The thing about Cage the Elephant is that they just don’t give a fuck. Like, seriously, they just don’t care. Look at their name, for shit’s sake. Not to mention the nonsensical album title, Thank You, Happy Birthday. Then there’s the fact that the opener to the new album, as well as ‘Indy Kidz,’ begins with electronic squonks and/or synth noise. Sure, why the hell not? It’s what makes this young band so damn endearing: they do whatever they want and make it work.
But more importantly is CtE’s swagger – it’s pure arrogance. The band has taken the punk roots seen on its eponymous debut (especially ‘James Brown’ and ‘Judas’) and run with it. Just listen to ‘2024’ and its near-spiraling-out-of-control riff for proof. Ditto for the frantic, At The Drive-In-channeling ‘Sabertooth Tiger.’ Or how about the post-hardcore, batshit crazy ‘Sell Yourself’ and the accompanying, nonsensical lyrics like “Got this scalpel in my hands/ Trying to operate on this riddle.” The only reason any of this succeeds is because CtE know it will. It’s simply fascinating to watch.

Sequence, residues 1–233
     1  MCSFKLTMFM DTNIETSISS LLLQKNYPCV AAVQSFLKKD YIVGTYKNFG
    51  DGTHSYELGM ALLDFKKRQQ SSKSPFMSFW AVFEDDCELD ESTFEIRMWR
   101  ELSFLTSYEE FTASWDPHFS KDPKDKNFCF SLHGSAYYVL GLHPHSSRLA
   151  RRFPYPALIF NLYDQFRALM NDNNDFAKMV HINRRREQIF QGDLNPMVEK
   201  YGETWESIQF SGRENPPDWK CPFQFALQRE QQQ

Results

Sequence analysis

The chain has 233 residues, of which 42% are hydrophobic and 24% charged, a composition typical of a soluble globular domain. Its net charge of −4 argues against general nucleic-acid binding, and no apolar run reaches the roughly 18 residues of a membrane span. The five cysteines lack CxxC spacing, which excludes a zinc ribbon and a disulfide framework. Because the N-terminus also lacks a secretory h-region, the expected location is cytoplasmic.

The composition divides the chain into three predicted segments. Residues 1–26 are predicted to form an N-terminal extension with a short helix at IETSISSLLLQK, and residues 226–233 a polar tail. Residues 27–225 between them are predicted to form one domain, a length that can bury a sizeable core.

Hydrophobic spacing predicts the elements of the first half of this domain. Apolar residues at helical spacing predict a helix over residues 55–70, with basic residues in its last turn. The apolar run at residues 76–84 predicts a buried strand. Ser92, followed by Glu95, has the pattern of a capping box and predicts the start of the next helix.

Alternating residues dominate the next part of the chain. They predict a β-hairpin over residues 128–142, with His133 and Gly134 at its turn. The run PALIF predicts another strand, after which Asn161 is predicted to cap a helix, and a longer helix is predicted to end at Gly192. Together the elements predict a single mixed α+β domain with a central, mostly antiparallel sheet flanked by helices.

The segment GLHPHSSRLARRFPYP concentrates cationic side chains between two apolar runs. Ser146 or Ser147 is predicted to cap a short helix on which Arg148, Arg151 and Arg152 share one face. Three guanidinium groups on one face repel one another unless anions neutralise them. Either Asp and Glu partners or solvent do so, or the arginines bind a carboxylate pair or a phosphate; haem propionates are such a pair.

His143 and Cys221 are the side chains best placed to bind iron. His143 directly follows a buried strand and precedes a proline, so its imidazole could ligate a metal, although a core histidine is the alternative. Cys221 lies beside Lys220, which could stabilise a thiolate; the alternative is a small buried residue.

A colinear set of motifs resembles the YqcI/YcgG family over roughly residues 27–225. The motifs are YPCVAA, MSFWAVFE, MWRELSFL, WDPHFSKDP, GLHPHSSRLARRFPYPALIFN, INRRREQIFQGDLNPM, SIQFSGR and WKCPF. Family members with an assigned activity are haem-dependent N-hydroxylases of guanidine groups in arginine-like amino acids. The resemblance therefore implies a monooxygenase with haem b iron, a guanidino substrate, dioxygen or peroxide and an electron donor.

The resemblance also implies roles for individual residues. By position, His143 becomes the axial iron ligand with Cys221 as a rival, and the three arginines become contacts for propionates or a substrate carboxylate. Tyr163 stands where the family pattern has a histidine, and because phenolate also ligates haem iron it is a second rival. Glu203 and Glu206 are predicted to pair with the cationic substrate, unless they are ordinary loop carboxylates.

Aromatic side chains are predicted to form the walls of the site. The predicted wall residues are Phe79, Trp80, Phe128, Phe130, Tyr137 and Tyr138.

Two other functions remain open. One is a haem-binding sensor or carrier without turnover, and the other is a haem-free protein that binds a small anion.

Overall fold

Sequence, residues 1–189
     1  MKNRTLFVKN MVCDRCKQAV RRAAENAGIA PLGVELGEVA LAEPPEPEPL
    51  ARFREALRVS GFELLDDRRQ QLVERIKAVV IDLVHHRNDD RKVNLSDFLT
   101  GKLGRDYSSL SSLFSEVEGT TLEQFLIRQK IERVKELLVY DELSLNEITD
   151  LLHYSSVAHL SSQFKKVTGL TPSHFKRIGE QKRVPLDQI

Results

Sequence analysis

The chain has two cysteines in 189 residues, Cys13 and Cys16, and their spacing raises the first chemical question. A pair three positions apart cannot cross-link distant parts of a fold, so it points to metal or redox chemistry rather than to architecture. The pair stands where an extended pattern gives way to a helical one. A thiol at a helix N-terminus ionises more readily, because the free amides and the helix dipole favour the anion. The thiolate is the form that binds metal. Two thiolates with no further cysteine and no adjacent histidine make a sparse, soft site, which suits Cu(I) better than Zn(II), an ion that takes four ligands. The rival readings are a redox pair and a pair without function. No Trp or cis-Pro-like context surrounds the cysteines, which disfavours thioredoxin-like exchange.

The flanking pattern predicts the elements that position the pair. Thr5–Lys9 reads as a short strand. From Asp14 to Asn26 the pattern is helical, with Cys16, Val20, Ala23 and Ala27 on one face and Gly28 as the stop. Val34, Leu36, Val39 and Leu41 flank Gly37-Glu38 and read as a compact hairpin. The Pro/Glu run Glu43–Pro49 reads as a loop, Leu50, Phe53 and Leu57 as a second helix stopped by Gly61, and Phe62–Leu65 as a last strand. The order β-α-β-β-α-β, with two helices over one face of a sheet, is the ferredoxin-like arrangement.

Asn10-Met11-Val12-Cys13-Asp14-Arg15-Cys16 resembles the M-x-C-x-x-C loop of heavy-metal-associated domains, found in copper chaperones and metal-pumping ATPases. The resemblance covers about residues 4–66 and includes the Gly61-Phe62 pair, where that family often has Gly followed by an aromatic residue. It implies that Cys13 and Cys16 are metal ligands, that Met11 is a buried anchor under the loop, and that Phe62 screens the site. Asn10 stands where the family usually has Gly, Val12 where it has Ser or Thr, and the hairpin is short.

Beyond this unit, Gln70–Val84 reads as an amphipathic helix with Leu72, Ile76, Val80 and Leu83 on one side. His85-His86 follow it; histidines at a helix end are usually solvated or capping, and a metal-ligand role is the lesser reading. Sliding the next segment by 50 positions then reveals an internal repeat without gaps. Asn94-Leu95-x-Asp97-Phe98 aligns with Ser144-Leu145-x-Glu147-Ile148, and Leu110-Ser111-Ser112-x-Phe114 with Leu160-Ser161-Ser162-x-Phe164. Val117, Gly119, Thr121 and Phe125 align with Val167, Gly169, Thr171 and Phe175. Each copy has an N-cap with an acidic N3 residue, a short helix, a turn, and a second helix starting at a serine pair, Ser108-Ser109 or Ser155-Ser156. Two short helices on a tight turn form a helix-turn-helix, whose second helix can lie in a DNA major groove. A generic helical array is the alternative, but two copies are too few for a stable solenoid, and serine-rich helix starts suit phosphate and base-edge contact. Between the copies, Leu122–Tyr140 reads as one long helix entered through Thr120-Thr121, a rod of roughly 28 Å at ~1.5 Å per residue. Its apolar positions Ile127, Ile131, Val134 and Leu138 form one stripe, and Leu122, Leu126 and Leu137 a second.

And if the overly-prevalent aggressiveness of Thank You wasn’t enough, the band also expands on its other features. Much like ‘Back Against the Wall,’ this album’s slinky ballad is the single ‘Shake Me Down,’ a messy, chaotic little number with equally messy lyrics meditating on social isolation and broken relationships: “In my past, bittersweet/ There’s no love between the sheets/ Taste the blood, broken dreams/ Lonely times indeed.” Then there’s ‘Kidz,’ CtE’s most bizarre song yet. A commentary on the hipster indie scene, the five-minute dirge satirizes the ironic-for-the-sake-of-ironic and anything-popular-is-bad drivel that has permeated American culture: “I don’t watch TV ‘cause it’s just a box of lies/ It makes me want to stick a tooth pick in my mind.” The track even breaks down into complete disarray in the middle just to further emphasize its point.
All that said, the most notable aspect of Thank You is the lack of a breakout single like ‘Ain’t No Rest for the Wicked.’ Sure, there are catchy melodies (‘Always Something’ and ‘Around My Head’) but nothing as universal as ‘Wicked.’ That’s a good thing, though. It’s clear from the outset that this record is supposed to be the mature outing, the one where Cage the Elephant really show how great of a band they know they are (just two albums in and I’m already convinced that Matthew Shultz is this generation’s Mick Jagger), not just guys playing catchy hit songs.
OK, maybe they do care…just a little.